Epilepsy and Seizures

  • Jorge Roberto PaguraEmail author
  • Rudá Alessi


Epilepsy is a brain disorder which has caused stigma for long, especially in group activities.

In the last decade, however, a number of studies have shown that epilepsy patients must be socially integrated. They recommend sports practice as greatly beneficial, not only for its social integration but also for its help in crisis management.

Through the development of new medications, which enhanced crisis management significantly, the participation of epilepsy patients in sports practice has increased.

However, it is clear that some sports, especially with strong physical contact, must be avoided. And even sports with possible contacts, though allowed, must follow monitoring standards with specialists following the recommended protocols, so that they can practice sports more safely. Also, it should be considered that seizures are nonspecific manifestations of pre-existing brain damage and they can occur with metabolic and traumatic changes, which does not mean a state of epileptic disease.

For high-performance sports, control through specific medications is a safety factor and can be widely used, since the antiepileptic drugs are not included in the forbidden list by WADA (World Anti-Doping Agency).


Epilepsy Seizures Epilepsy in sports Athlete with epilepsy 


  1. 1.
    Fisher RS, van Emde Boas W, Blume W, et al. Epileptic seizures and epilepsy: definitions proposed by the International League Against Epilepsy (ILAE) and the International Bureau for Epilepsy (IBE). Epilepsia. 2005;46(4):470–2.CrossRefGoogle Scholar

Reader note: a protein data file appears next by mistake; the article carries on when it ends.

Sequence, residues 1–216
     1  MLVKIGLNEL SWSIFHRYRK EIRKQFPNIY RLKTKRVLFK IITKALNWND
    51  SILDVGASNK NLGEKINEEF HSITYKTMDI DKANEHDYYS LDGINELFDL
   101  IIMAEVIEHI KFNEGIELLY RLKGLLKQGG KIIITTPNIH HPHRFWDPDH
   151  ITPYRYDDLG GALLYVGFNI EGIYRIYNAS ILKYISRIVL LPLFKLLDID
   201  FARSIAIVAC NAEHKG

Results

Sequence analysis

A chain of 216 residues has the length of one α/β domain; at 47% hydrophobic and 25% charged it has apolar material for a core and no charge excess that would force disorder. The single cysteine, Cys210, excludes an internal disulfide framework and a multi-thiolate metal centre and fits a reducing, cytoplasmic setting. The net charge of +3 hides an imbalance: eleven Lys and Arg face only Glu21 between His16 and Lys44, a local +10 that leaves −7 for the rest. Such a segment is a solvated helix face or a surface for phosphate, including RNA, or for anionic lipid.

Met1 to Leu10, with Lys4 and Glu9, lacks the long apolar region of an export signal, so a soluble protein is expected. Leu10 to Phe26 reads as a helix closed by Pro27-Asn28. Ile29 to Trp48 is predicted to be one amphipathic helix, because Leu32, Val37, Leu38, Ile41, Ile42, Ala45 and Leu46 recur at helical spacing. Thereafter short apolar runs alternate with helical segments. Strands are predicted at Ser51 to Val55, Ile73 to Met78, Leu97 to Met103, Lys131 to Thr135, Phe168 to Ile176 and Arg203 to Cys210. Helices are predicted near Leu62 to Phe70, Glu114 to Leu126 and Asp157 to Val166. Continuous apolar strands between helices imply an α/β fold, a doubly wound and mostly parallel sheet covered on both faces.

2. 2.
    Fisher RS, Acevedo C, Arzimanoglou A, et al. ILAE official report: a practical clinical definition of epilepsy. Epilepsia. 2014;55(4):475–82.CrossRefGoogle Scholar
  3. 3.
    Luders H, Acharya J, Baumgartner C, et al. Semiological seizure classification. Epilepsia. 1998;39(9):1006–13.CrossRefGoogle Scholar
  4. 4.
    Hauser WA, Annegers JF, Kurland LT. Incidence of epilepsy and unprovoked seizures in Rochester, Minnesota: 1935–1984. Epilepsia. 1993;34:453.CrossRefGoogle Scholar
  5. 5.
    Everitt P, Sander JW. Incidence of epilepsy is now higher in elderly people than children. Br Med J. 1998;316:780.CrossRefGoogle Scholar
  6. 6.
    Schwartzkroin PA. Mechanisms of epileptogenesis in symptomatic epilepsy. In:The causes of epilepsy. Cambridge: Cambridge University Press; 2011.Google Scholar
  7. 7.
    Reinert M, Khaldi A, Zauner A, et al. High level of extracellular potassium and its correlates after severe head injury. J Neurosurg. 2000;93:800–7.CrossRefGoogle Scholar
  8. 8.
    Gorji A, Speckmann EJ. Spreading depression enhances the spontaneous epileptiform activity in human neocortical tissues. Eur J Neurosci. 2004;19:3371–4.CrossRefGoogle Scholar